Reaping the benefit of defence dividend

The cloud hanging over other parts of Scotland as a result of the closure of RAF stations and other military facilities due to government cuts may have a silver lining for the Borders.

This region has never had the chance to benefit from the economic boost that comes from having a major military facility in a certain area.

Look at the wailing and gnashing of teeth from the local community surrounding RAF Kinloss, now stripped of its Nimrod aircraft fleet, or the concerns over the possible loss of RAF bases at either Lossiemouth of Leuchars.

But this week we report that the Borders is definitely an option being examined by defence officials for a training base to accommodate the 6,000 troops of a proposed new multi-role mobile brigade.

The cash injection that would be pumped into the region’s economy from the wallets of 6,000 soldiers and their families would be considerable.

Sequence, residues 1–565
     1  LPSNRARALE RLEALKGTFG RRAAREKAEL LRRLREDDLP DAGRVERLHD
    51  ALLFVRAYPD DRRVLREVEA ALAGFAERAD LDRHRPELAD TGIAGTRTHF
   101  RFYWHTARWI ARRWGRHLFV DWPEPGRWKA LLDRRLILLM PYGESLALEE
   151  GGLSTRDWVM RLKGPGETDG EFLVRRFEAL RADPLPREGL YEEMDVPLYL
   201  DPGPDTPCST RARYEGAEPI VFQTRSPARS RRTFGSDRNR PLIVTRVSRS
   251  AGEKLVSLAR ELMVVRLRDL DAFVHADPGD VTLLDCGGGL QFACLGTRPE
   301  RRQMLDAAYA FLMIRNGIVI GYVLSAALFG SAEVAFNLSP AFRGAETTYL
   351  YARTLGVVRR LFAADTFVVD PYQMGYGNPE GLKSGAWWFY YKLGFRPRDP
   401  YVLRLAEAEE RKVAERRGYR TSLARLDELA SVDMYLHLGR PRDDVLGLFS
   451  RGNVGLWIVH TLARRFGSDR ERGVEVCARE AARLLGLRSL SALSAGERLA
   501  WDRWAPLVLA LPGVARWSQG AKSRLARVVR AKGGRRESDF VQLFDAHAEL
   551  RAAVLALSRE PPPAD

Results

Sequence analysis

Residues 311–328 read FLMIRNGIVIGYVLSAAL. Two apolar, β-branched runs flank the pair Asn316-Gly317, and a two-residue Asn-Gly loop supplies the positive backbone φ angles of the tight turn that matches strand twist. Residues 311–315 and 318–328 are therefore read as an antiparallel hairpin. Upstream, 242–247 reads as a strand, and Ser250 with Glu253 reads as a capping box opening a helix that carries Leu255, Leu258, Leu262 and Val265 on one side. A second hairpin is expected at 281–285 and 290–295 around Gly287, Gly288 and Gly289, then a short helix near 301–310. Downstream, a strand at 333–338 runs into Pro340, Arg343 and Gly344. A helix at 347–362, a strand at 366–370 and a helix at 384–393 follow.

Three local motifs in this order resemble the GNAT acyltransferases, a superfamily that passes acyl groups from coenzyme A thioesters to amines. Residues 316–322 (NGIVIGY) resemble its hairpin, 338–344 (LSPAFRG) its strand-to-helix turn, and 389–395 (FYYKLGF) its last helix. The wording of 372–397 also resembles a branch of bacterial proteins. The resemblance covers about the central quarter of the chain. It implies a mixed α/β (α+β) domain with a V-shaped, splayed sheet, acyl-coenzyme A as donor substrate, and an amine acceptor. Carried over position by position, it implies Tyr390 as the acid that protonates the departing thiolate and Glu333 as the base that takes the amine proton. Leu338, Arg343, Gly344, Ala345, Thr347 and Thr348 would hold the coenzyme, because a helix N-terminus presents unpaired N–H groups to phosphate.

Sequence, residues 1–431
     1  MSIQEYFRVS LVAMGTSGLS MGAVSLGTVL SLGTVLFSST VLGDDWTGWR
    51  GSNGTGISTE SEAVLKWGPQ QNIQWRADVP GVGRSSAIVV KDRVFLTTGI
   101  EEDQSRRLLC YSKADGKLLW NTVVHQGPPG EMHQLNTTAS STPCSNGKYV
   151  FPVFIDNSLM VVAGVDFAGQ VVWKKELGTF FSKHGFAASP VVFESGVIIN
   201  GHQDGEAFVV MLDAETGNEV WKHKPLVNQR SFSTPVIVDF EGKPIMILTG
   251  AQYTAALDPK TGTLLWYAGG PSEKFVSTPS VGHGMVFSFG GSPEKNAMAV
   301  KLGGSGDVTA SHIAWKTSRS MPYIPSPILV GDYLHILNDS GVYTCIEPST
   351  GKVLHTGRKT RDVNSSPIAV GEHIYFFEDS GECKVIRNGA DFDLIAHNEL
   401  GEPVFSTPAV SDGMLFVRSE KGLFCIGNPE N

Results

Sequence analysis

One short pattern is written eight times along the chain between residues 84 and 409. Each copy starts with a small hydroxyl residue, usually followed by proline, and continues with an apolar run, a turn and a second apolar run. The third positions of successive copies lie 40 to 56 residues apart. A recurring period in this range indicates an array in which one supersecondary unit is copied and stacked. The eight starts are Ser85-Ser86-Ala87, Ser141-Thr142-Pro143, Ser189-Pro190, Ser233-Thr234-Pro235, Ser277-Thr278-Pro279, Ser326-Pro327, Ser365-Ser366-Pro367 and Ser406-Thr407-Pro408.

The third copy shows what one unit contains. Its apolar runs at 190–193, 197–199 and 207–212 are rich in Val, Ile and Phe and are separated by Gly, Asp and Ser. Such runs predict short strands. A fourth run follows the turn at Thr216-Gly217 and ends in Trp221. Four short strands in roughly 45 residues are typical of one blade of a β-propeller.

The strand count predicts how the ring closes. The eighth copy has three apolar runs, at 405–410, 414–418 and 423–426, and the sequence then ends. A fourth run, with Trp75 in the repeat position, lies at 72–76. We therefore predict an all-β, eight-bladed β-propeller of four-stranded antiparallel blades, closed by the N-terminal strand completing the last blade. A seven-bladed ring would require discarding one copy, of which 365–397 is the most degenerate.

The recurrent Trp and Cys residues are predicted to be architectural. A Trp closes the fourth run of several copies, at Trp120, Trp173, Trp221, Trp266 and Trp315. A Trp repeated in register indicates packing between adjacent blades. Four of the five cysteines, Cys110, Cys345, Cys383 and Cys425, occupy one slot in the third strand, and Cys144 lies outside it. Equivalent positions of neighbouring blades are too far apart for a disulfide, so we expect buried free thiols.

There would, of course, be a downside, with a massive increase in road traffic due not just to the private vehicles of these soldiers, but also military hardware such as Land Rovers, trucks and possibly even heavy armoured elements such as personnel carriers and tanks.

But if that was the case, the Borders’ roads infrastructure may also benefit from any military spending to ensure the local transport network was adequate.

It may even boost the oft-queried financial viability of a restored Borders rail link, as many of these returning troops could be from other parts of the UK and would need easy access to train travel.